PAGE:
43. Lovinger DM, White G, Weight FF (1990). NMDA receptor-mediated synaptic excitation selectively inhibited by ethanol in hippocampal slice from adult rat. J Neurosci 10: 1372–1379.

  44. Lücke C, Heidegger T, Röhner M, Toennes SW, Krivanekova L, Müller-Dahlhaus F et al (2014). Deleterious Effects of a Low Amount of Ethanol on LTP-Like Plasticity in Human Cortex. Neuropsychopharmacology 39: 1508–1518.

  45. Malenka RC, Bear MF (2004). LTP and LTD: an embarrassment of riches. Neuron 44: 5–21.

  46. Mattila MJ, Vanakoski J, Kalska H, Seppala T (1998). Effects of alcohol, zolpidem, and some other sedatives and hypnotics on human performance and memory. Pharmacol Biochem Behav 59: 917–923.

  47. Mishra BR, Nizamie SH, Das B, Praharaj SK (2010). Efficacy of repetitive transcranial magnetic stimulation in alcohol dependence: a sham-controlled study. Addiction 105: 49–55.

  48. Mitchell SJ, Silver RA (2003). Shunting inhibition modulates neuronal gain during synaptic excitation. Neuron 38: 433–445.

  49. Möller C, Arai N, Lücke J, Ziemann U (2009). Hysteresis effects on the input-output curve of motor evoked potentials. Clin Neurophysiol 120: 1003–1008.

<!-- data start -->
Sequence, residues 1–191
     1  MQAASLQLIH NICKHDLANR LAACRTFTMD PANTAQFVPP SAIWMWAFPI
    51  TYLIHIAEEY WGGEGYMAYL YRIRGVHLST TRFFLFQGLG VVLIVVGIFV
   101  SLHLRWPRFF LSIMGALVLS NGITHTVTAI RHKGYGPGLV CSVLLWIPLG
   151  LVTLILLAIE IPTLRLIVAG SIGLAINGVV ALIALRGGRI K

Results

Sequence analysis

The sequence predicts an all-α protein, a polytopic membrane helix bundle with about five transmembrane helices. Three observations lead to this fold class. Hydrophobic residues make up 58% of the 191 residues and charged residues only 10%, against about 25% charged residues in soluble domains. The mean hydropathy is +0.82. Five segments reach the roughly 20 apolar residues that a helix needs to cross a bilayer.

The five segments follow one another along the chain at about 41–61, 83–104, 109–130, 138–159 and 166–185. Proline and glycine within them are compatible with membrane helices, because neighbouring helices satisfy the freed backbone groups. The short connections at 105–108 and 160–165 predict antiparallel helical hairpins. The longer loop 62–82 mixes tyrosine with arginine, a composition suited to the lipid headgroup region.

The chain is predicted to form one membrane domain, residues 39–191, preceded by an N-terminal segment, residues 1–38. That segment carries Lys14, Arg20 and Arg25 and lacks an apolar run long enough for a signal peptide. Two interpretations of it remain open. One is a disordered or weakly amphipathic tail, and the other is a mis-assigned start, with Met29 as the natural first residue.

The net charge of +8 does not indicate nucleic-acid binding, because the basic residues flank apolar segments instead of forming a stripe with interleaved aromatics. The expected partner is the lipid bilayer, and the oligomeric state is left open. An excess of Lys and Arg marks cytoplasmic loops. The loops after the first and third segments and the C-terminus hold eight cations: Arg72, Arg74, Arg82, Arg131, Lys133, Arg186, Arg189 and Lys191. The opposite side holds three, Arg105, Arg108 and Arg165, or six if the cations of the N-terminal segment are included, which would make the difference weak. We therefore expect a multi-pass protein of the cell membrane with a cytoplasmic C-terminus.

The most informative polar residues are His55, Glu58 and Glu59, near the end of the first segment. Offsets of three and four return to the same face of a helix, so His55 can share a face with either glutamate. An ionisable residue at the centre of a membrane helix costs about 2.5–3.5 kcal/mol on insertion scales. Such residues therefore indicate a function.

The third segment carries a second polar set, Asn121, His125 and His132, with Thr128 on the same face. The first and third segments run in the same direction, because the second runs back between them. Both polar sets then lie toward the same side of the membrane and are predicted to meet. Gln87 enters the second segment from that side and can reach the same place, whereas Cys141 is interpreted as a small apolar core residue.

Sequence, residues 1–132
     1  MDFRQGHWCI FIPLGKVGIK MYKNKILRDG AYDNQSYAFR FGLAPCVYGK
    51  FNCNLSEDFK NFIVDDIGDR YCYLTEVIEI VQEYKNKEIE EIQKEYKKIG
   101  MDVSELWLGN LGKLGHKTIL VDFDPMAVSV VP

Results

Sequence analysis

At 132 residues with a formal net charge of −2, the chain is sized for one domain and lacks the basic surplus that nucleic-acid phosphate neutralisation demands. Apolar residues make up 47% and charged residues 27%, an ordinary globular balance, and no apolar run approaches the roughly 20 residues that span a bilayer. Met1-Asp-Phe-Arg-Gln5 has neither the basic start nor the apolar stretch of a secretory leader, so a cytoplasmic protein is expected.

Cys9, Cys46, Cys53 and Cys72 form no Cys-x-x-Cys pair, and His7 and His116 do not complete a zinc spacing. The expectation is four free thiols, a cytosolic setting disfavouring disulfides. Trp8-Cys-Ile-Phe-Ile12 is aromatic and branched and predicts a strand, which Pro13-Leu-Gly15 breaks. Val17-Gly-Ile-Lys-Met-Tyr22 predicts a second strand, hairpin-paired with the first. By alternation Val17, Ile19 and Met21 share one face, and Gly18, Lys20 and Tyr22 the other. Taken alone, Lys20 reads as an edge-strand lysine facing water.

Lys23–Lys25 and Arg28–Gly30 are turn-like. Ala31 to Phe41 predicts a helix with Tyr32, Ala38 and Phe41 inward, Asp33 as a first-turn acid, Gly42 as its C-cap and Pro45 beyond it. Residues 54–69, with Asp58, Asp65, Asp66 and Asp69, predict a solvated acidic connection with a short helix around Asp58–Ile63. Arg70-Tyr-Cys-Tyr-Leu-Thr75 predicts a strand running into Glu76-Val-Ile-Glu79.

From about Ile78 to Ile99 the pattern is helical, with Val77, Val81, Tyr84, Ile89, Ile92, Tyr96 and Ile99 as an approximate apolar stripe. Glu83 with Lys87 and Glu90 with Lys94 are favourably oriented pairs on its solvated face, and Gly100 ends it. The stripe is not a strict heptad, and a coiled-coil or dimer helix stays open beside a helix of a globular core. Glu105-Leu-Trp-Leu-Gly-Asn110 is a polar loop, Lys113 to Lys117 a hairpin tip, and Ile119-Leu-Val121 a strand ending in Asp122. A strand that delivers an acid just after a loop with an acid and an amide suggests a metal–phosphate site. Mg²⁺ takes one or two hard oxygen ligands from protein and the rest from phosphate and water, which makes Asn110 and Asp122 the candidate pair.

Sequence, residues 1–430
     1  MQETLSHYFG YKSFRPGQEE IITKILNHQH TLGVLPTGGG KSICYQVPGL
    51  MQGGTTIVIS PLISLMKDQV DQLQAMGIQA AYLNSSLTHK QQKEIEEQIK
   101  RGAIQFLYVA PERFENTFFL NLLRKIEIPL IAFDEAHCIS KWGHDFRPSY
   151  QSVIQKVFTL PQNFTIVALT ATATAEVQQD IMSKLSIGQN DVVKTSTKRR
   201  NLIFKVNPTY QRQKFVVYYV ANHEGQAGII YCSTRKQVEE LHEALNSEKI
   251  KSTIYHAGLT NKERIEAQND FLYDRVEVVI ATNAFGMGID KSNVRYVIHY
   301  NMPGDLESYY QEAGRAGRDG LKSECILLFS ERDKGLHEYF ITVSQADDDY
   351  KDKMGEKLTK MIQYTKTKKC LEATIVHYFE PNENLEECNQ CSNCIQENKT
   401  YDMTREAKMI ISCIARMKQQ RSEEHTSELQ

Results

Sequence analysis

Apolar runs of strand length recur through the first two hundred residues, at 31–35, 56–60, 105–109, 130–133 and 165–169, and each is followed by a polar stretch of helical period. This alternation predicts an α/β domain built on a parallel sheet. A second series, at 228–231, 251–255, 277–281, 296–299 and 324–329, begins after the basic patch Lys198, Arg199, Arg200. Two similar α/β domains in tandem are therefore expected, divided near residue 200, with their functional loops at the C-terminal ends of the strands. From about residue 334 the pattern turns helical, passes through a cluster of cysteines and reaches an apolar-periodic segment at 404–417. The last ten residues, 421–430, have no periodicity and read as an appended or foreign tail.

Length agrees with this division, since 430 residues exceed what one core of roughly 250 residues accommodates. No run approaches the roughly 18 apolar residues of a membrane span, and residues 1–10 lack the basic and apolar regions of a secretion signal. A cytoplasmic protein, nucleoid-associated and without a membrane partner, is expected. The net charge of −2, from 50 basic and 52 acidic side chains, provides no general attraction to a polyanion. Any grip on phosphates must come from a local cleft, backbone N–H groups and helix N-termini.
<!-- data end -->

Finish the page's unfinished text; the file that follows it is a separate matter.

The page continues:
50. Müller JF, Orekhov Y, Liu Y, Ziemann U (2007). Homeostatic plasticity in human motor cortex demonstrated by two consecutive sessions of paired associative stimulation. Eur J Neurosci 25: 3461–3468.

  51. Müller-Dahlhaus F, Ziemann U, Classen J (2010). Plasticity resembling spike-timing dependent synaptic plasticity: the evidence in human cortex. Front Syn Neurosci 2: 1–11.

  52. Müller-Dahlhaus JF, Orekhov Y, Liu Y, Ziemann U (2008). Interindividual variability and age-dependency of motor cortical plasticity induced by paired associative stimulation. Exp Brain Res 187: 467–475.

  53. Naim-Feil J, Zangen A (2013). Addiction. Handb Clin Neurol 116: 613–630.

  54. Ni Z, Gunraj C, Kailey P, Cash RF, Chen R (2014). Heterosynaptic modulation of motor cortical plasticity in human. J Neurosci 34: 7314–7321.

  55. Nishiyama M, Togashi K, Aihara T, Hong K (2010). GABAergic activities control spike timing- and frequency-dependent long-term depression at hippocampal excitatory synapses. Front Synaptic Neurosci 2: 22.